From there it’s a discussion of pressure requirements for the intensity of cleaning anticipated. “Then, after assessing all the cleaning applications, we can talk about the tools and accessories needed for the jobs,” says Netzer. “Sometimes noise level is a factor, too,” says Netzer. “Then, golf course customers prefer electric units, to not be loud and offensive while members are golfing in the area.”


Distributors probably can do more selling in the golf-course niche than contractors, but there is work for contractors. “Courses seem to have their own staff work on cleaning the carts as they go through the return area,” says Netzer. “It is typically done with a 1500 psi electric wall-mount pressure washer. This allows for easy installation in an exterior cleaning area and is compact and space efficient. Oftentimes, golf clubs are sensitive about letting contractors on site, so we find that more often than not, we deal directly with club staff. Being in South Florida, we are in prime golfing country. There is a lot of opportunity for this type of product across the country, however.”

Contractors seeking to provide services to golf courses should take a wide view. “Parking areas to and from the clubhouse will need flat surface cleaning,” says Netzer, citing one example. “These can be very large areas and generally are not left for staff to do.”

The benefit to starting with something like a parking lot is it allows “contractors to get their foot in the door,” says Netzer. “In some cases, the entrances may have entrance sign-age and guard shacks that also need attention. Cleanliness of these areas is of high importance to the golf clubs since it makes that first impression on their guests.”


A manufacturer that devises a way to meet or better meet a need can also sell to golf courses. See the sidebar on page 24 for the story of a former golf course superintendent who developed a product that prevents battery acid from golf carts (and other electric vehicles) from staining and contributing to deterioration of the substrate. The product is welcomed at golf courses and in golf communities and homeowners associations where carts routinely are used beyond the course.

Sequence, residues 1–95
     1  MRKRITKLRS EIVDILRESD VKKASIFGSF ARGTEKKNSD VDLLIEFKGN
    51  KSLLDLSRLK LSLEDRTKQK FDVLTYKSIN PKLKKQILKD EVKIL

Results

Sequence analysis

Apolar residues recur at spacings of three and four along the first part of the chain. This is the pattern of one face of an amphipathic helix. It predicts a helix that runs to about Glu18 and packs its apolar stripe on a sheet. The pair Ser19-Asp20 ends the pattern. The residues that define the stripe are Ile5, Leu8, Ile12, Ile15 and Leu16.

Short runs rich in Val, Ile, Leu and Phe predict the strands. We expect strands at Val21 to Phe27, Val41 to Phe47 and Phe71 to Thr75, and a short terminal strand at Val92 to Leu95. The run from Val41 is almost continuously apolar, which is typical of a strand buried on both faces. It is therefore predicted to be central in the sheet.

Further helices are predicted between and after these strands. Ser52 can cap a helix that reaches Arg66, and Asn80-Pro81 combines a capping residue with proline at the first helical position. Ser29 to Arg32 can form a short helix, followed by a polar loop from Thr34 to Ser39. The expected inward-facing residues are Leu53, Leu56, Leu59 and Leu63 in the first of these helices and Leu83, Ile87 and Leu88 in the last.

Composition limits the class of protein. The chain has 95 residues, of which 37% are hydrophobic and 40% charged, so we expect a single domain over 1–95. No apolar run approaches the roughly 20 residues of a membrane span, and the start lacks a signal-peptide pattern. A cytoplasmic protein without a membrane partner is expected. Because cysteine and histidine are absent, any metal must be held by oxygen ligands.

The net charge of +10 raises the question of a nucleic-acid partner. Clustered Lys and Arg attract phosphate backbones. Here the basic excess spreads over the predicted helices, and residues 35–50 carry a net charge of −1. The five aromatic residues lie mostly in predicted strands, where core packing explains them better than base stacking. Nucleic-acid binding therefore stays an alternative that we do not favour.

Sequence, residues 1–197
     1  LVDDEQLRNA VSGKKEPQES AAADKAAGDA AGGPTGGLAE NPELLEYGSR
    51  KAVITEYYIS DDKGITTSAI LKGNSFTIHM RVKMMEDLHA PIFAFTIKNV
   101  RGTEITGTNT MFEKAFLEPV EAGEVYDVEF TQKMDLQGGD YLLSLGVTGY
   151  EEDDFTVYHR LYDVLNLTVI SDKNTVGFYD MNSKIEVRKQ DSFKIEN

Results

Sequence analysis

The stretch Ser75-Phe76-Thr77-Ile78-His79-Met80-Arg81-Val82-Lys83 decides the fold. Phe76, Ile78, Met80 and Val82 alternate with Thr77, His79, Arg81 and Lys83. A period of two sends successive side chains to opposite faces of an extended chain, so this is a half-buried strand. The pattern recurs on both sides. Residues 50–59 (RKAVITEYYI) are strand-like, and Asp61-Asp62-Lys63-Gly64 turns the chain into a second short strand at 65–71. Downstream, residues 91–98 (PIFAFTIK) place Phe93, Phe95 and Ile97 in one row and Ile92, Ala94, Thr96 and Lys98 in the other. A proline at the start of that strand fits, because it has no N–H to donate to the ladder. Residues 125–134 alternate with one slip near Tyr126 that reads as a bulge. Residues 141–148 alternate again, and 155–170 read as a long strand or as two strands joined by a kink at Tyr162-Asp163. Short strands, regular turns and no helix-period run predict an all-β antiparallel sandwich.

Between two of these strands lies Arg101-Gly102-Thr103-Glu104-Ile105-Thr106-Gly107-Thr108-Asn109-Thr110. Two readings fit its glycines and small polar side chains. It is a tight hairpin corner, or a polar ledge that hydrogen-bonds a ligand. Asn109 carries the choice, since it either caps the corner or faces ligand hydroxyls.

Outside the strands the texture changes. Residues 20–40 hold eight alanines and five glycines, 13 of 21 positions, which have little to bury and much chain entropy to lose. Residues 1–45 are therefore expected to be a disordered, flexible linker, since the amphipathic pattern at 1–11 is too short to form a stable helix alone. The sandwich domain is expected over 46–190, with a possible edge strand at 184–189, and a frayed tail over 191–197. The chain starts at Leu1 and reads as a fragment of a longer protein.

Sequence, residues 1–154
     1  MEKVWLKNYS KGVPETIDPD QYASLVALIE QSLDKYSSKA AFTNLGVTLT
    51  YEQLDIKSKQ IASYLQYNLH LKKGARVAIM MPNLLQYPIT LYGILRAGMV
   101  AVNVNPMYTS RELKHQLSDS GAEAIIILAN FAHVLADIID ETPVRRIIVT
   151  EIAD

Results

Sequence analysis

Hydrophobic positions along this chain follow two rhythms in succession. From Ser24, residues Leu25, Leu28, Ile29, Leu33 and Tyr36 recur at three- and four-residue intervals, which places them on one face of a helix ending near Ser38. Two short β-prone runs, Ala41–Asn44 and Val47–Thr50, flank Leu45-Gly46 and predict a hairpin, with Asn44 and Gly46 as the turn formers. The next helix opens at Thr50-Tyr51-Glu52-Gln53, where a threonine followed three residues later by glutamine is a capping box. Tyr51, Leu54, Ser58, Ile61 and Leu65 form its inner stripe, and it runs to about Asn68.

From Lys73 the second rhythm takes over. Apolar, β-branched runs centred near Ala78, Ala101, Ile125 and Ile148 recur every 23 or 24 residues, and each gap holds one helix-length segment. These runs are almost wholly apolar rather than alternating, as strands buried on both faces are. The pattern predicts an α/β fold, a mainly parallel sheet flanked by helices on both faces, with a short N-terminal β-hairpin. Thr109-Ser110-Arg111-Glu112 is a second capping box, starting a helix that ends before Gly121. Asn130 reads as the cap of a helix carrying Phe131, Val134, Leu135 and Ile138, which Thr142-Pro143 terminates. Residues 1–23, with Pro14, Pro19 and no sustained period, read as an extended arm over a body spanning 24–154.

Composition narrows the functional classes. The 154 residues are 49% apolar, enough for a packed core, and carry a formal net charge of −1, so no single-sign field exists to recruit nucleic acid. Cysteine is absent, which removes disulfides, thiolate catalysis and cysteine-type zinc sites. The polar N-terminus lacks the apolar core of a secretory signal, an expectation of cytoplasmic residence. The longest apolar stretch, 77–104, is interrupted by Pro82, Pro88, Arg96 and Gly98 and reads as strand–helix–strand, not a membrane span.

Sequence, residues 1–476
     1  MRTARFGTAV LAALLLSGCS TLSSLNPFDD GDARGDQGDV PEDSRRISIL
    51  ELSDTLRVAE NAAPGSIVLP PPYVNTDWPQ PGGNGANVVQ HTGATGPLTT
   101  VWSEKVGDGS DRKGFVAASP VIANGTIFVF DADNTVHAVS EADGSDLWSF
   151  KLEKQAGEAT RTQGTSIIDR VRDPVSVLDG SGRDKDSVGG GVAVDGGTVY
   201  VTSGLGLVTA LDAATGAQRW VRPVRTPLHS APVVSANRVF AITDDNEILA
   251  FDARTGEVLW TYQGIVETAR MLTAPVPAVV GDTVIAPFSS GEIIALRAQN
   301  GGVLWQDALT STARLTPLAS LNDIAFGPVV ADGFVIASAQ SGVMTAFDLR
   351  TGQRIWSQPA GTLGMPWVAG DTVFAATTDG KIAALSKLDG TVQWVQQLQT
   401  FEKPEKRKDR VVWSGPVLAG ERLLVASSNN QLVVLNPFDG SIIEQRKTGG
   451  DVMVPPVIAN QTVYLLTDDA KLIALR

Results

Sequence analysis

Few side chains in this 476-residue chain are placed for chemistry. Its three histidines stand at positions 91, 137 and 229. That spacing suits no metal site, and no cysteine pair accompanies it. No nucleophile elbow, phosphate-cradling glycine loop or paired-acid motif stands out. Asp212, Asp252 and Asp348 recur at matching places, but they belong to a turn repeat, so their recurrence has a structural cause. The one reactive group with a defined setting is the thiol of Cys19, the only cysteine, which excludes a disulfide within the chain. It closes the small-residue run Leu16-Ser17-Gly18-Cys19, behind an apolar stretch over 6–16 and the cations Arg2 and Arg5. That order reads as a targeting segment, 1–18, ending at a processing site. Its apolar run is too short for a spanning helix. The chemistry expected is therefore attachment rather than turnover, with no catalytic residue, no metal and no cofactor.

There’s always a way to clean more efficiently, and especially with less water. Golf clubs can be cleaned manually with soap and water. Or, they can be cleaned with a washing system.

The Riveer TourSpin Club Washer, manufactured by TourSpin Club Washer of South Haven, MI (tourspinclubwasher.com), washes a full set of irons and hybrids in under a minute. The system uses spinning Venturi nozzles and water under pressure to clean clubs. It also incorporates an automatic ball washer and an air hose for blowing debris off shoe spikes.

U.S. Aqua Vac, located in Crete, IL, makes equipment to remove silt and sediment from ponds. The approach replaces dig and drain methods, making it friendlier to the environment.

Believing there’s a solution to every problem gives a golfer a real edge when he is trying to get out of a sand trap and compensate for the bogey on the last hole. The same sort of can-do attitude earns distributors, contractors, and manufacturers a place on the links. 


Golf Carts, On Course and Off

Contributed by Craig Harrison, Front 9 Restoration Inc., Palm Desert, CA

Orange battery stains from electric vehicles are unlike any other stains a homeowner, golf course, or commercial property manager could have. These stains are not rust but are actually an acid burn. Battery stains are considered hazardous, toxic, corrosive, and carcinogenic, and they are typically composed of 31–50 percent sulfuric acid.

Unlike other diluted acids, such as hydrochloric, phosphoric, oxalic, vinegar, water, etc., sulfuric acid will not be neutralized by the alkalinity in the concrete. Sulfuric acid can stay active for many years, reactivate when wet, and continue to grow and expand, deteriorating the concrete as it ages. This is why many of those “orange stains’ you see on a driveway get bigger and bigger every time it rains or gets wet. If your customer has white stains, this is even more serious and should be neutralized immediately.

Golf courses and golf cart communities pose an excellent avenue for pressure washing contractors to make additional income. F9 BARC, by Front 9 Restoration Inc., was specifically designed to handle orange battery stains and rust. As a former golf course superintendent turned restoration contractor, I know this industry well, which is ultimately why I developed our products.